One rider who is always confident in his abilities is Nacer Bouhanni. The Frenchman had a disappointing Paris Nice and had to drop out due to illness, but since then he’s looked good. People seem to forget how fast he is at times and is certainly a rider not to give an inch to because he will certainly take a mile!
Edward Theuns has performed consistently well here on his first two appearances, placing 2nd and 4th. He arrives with the full backing of his team and they have a strong lead-out train to support him. On stage 2 of De Panne he looked fast, but appeared to struggle in stage 3A when he looked to be very well positioned. Maybe it was a case of hesitancy? Or he just didn’t have the legs and is tired after his classics campaign? We’ll have to wait and see but I’ll certainly be watching with interest. A top 3 result would not surprise me!
Dylan Groenwegen arrives after a fairly poor race in Limburg and he’ll be hoping to go much better tomorrow. He started the year off very strongly but is without a win yet this season which might dent his confidence a bit. Nonetheless, he is very talented in a tough race and if the wind blows you would expect him to make the split. In a tired peloton, he is a danger for the win. Like Bouhanni, he is fearless and will go for any gap if you give him half a chance!
Demare has a chance but he’s went off the boil since his barnstorming start to the year.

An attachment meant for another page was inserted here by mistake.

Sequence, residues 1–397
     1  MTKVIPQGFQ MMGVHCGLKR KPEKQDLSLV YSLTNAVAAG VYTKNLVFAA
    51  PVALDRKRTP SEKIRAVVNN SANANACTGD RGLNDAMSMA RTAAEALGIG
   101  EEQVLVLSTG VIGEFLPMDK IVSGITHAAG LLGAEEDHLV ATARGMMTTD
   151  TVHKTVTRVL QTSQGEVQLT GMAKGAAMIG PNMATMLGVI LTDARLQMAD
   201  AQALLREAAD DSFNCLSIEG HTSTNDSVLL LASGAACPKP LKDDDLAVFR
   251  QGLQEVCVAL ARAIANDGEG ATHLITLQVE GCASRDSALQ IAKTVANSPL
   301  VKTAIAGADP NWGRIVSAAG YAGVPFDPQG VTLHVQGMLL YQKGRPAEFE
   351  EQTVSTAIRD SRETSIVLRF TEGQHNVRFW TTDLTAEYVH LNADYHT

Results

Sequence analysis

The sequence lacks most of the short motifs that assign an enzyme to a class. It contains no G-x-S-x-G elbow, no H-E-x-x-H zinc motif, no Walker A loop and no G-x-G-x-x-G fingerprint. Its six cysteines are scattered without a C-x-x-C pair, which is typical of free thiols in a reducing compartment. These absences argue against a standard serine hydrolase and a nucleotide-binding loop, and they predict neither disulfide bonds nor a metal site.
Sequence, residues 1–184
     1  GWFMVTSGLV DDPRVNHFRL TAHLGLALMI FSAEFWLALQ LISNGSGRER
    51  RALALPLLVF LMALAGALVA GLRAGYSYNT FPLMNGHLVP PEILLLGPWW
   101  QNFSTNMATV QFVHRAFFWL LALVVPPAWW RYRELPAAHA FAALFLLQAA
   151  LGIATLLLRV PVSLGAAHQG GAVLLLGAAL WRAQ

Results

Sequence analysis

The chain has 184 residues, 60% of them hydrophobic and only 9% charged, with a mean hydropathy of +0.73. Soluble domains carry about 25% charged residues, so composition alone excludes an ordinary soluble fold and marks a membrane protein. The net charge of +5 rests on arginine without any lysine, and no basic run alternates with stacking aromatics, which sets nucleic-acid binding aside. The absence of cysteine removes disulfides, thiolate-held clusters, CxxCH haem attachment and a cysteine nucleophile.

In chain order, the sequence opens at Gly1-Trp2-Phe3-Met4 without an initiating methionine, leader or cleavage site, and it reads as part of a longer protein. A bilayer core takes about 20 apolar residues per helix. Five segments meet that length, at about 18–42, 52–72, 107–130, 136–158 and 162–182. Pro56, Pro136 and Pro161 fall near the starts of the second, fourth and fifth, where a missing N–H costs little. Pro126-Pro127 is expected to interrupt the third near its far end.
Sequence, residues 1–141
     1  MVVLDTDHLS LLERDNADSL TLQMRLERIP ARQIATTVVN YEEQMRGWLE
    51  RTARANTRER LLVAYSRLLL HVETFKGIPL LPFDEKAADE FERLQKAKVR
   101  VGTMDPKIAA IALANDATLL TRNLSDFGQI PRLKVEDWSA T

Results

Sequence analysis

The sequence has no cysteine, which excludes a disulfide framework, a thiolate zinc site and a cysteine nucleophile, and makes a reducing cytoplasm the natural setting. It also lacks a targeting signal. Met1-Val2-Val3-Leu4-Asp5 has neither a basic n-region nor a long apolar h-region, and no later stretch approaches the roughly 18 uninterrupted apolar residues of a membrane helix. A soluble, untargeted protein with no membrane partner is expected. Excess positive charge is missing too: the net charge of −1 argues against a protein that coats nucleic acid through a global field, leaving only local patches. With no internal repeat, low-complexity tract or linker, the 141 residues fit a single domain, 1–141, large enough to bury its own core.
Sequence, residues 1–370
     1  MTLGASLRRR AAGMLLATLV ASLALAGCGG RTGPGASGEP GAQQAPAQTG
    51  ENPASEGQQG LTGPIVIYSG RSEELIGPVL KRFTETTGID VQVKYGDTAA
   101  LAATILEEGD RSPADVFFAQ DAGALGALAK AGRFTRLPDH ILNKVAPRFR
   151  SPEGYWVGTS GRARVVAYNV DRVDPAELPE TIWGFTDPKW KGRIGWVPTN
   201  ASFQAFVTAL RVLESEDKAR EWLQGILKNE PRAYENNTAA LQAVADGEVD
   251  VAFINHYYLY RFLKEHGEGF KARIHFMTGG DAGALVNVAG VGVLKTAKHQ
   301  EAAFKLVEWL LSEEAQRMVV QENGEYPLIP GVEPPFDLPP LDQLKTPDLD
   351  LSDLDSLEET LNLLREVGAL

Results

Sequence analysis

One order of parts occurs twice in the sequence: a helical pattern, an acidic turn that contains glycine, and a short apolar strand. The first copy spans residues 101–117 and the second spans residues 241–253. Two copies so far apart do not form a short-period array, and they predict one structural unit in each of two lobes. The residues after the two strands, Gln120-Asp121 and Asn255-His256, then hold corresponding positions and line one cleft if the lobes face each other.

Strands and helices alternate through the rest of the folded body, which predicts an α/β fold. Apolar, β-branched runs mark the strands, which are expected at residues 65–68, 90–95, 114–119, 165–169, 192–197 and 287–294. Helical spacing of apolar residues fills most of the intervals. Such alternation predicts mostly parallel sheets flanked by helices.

Bonifazio goes well when you least expect it, and I expect him to go poorly tomorrow. Top 5 result incoming!
Viviani is similar, he has been poor this year but might pop up with a top 5 if he follows the right wheel.
Planckaert, Jans and McLay will be in or around the top 10.
I expect there to be a small-ish peloton fighting it out for the win again come tomorrow afternoon. Whether that be through the race breaking up due to the wind out on course, or just becoming disengaged and disinterested in the final lap of the race.
Kittel is the favourite and should win, but keep an eye out for a flying Frenchman too!
No value in Kittel and almost tempted with the odds on Sagan, but…;
Bouhanni 1pt EW @8/1 with Bet365. (Wouldn’t take much lower, but you might get a better price from elsewhere later on, I’m just in a rush to get this published.)
Thanks as always for reading! Who do you think will win? Will the wind play any part in the race? My Pais Vasco stage 3 preview will be out soon as well so keep an eye out for that. Anyway,
Those were My Two Spokes Worth.